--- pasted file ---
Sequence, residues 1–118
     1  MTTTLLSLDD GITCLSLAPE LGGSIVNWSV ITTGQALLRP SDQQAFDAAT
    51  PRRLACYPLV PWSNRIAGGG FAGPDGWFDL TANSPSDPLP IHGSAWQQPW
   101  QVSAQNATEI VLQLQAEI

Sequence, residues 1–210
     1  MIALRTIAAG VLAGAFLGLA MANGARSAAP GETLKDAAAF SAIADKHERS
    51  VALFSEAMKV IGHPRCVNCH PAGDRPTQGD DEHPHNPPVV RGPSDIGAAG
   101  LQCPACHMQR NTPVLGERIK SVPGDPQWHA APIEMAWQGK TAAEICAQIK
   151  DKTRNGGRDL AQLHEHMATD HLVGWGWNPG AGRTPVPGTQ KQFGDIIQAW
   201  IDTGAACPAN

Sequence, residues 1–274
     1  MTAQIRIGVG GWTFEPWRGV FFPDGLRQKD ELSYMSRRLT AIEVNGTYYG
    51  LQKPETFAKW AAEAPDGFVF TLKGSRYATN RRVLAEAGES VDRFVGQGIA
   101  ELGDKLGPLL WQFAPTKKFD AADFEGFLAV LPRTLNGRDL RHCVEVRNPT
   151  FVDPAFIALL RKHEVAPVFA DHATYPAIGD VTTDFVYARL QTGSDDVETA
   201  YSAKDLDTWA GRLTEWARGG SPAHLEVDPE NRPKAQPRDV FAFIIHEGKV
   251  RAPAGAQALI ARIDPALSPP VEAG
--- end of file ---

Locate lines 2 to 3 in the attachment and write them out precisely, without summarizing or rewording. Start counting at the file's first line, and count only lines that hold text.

     1  MTTTLLSLDD GITCLSLAPE LGGSIVNWSV ITTGQALLRP SDQQAFDAAT
    51  PRRLACYPLV PWSNRIAGGG FAGPDGWFDL TANSPSDPLP IHGSAWQQPW